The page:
At least two companies producing poor-quality asparaginase claim to be “approved” by or “compliant” with western regulatory authorities such as those in the US and UK.
However, the first, Virchow Biotech, which makes Pegapar, has been inspected by the US FDA. In 2015, the agency found “objectionable conditions or practices” without taking regulatory action. The FDA has not approved Pegapar for sale in the US.
The second, United Biotech, which makes Onconase, is not listed on the FDA’s database of registered drug manufacturers. The FDA refused an import from the company in 2013, and has not inspected their manufacturing plants or authorised their products. The UK’s Medicines and Healthcare products Regulatory Agency said it has not granted United Biotech any good manufacturing practices certification. (Virchow Biotech and United Biotech did not respond to a request for comment.)
The Indian-made asparaginase investigated by the Bureau sells for just a fraction of the price of gold-standard brands. One senior oncologist from Latin America said Onconase was marketed at one-tenth the price of Oncaspar. A Bureau reporter posing as a buyer was recently offered Indian-made asparaginase for as little as $7 per vial.
Wholesalers also provided documentation from the manufacturers purporting to verify their products’ quality. But right now, Thakur said, the quality certification provided by manufacturers to purchasing countries is “a piece of paper from the Indian regulators saying the product is manufactured under good manufacturing practice conditions. How they establish that is not known to anyone.”
He thinks that the Indian government should review and strengthen its drug approval process, particularly for biologics, to ensure strict standards are being met. “The regulator has no clue what they’re doing, because the way we should approve biosimilars is very different from the way we should approve regular small molecule generic drugs,” he said.
In July, the Indian regulatory agency sent a letter to its regional drug controllers instructing them to look into the issue of poor-quality asparaginase and take “appropriate action”. The Indian Ministry of Health and Indian drug regulatory agency did not respond to a request for comment, and so far, little appears to have been done.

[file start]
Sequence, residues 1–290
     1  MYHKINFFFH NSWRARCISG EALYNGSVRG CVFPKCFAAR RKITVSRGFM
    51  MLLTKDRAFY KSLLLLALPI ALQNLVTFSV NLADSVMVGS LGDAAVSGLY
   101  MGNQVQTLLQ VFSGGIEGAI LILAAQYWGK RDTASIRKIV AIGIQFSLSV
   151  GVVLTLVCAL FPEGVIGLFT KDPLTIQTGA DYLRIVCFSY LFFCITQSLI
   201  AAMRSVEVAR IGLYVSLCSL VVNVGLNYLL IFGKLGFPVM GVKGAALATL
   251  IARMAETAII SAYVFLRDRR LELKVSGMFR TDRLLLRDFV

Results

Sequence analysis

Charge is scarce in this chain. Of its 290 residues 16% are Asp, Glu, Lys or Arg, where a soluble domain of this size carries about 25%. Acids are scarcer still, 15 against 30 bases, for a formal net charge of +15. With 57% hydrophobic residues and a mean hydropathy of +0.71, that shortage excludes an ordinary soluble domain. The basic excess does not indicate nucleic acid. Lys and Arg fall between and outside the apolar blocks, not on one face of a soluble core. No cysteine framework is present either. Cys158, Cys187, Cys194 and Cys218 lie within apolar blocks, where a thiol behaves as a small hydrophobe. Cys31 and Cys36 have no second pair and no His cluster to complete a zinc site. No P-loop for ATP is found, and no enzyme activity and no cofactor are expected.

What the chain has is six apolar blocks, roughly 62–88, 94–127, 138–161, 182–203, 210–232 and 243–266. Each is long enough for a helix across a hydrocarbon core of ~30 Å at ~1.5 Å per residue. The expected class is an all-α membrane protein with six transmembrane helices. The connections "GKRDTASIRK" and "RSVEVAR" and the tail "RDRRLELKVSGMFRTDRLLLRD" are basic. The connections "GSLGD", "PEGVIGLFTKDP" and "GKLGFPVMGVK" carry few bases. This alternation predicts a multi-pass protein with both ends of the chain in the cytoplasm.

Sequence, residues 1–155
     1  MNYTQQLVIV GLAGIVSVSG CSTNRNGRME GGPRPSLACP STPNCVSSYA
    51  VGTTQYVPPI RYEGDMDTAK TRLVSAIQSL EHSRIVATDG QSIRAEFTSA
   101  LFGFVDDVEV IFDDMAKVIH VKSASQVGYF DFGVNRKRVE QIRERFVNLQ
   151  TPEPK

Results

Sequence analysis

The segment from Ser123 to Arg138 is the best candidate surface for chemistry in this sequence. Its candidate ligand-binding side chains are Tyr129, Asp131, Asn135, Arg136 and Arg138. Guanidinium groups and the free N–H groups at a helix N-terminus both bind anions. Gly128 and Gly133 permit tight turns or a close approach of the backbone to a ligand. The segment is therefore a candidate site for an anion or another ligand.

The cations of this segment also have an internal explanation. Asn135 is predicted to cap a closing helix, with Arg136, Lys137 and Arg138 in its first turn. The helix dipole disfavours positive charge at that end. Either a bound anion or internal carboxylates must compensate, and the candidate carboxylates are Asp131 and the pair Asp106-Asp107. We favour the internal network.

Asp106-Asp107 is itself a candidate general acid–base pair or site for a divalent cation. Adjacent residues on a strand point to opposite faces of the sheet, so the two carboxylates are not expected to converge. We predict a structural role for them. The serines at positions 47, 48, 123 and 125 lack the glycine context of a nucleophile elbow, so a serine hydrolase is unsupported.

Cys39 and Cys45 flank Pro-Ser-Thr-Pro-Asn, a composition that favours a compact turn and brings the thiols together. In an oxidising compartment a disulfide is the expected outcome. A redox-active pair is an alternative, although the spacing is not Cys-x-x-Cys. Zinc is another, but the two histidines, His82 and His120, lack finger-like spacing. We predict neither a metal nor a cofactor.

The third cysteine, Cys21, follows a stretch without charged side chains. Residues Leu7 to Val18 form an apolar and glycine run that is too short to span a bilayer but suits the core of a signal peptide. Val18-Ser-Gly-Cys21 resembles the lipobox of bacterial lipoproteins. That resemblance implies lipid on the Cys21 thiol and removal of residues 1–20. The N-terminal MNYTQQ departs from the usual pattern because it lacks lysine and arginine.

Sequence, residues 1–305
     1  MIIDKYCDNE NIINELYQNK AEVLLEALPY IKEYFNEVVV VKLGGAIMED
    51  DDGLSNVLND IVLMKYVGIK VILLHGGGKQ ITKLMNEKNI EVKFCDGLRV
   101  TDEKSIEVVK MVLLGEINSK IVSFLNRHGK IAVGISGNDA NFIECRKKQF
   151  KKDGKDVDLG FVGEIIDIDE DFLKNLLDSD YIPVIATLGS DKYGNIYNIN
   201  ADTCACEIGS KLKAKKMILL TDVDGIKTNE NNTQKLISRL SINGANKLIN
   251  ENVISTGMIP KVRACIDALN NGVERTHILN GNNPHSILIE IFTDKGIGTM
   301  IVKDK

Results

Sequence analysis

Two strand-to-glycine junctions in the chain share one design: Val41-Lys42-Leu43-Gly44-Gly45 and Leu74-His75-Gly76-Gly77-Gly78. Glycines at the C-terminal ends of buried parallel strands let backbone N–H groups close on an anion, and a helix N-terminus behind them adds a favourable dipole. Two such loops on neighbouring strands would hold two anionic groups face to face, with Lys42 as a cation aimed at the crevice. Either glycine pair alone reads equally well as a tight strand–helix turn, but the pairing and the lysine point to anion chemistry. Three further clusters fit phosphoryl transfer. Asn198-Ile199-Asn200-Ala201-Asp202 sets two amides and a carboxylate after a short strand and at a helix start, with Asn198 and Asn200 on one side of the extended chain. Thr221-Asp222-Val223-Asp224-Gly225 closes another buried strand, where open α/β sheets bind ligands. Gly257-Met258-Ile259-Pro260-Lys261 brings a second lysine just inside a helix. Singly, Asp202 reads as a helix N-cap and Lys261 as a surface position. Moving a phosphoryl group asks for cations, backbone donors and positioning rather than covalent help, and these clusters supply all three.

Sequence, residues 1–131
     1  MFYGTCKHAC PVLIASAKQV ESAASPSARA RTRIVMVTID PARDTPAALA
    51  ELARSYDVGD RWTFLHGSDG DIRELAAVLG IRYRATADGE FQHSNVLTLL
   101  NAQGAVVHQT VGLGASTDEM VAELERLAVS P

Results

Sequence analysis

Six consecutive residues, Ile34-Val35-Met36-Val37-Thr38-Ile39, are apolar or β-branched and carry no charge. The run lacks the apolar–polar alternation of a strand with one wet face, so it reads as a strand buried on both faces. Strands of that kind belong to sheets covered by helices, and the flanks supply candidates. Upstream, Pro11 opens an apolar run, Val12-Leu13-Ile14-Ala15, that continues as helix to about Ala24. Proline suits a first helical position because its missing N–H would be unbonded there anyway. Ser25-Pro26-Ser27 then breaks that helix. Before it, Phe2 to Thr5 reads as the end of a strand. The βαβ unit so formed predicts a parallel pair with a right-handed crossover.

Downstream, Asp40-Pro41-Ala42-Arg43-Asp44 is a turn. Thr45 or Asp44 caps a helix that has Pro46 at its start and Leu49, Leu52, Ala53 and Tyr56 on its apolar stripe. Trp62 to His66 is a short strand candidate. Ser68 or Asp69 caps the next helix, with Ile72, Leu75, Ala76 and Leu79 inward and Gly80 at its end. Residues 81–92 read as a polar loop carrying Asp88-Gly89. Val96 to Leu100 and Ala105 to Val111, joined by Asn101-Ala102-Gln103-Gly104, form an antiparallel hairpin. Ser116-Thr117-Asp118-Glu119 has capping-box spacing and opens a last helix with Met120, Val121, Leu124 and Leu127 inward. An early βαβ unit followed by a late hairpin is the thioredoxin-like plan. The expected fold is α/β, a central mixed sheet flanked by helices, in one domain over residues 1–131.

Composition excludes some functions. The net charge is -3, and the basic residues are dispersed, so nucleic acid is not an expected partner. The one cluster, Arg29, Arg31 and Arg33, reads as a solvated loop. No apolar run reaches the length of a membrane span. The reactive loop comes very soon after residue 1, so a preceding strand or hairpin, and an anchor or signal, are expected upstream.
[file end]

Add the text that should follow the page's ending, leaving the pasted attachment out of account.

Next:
No quality control
Without proper checks before the drugs are sold, a greater burden falls on purchasing governments to improve quality checks at home. Ed Vreeke, executive director of Quamed, a non-profit aiming to improve access to high-quality medicines, said that some Indian manufacturers are profiting to “the maximum extent” from the “lack of regulation in many countries that they export to”.
He thinks that local regulators need more support to improve their ability to assure the quality of medicines, from licensing through to laboratory tests and patient monitoring. While many countries do batch-test medicines on arrival, “the quality of the tests are not good,” Vreeke said. “[Pharma companies] know they can export whatever they want.”
Cost-cutting may be driving wealthier governments who could secure more expensive, trusted brands to choose low-cost alternatives. Since its asparaginase scandal, the Brazilian government has changed regulations to allow its Ministry of Health to buy drugs that have not been proven safe and effective, even if approved products are available in the country. Experts have questioned whether that decision was driven by anything other than reducing costs. (The Brazilian Ministry of Health did not respond to a request for comment.)
But the high price of gold-standard products puts them out of reach for much of the rest of the world. “In my dream I’d be giving all children pegylated [modified] asparaginase,” said Professor Simon Bailey, a children’s oncologist who has advised on treating patients in East Africa. In one instance, the team was alerted to potential defects in their asparaginase.
After weighing the risks, they stopped giving their patients the drug and replaced it with another chemotherapy. “That’s not ideal,” Bailey said. But gold-standard asparaginase was not an option. “It’s just not affordable.”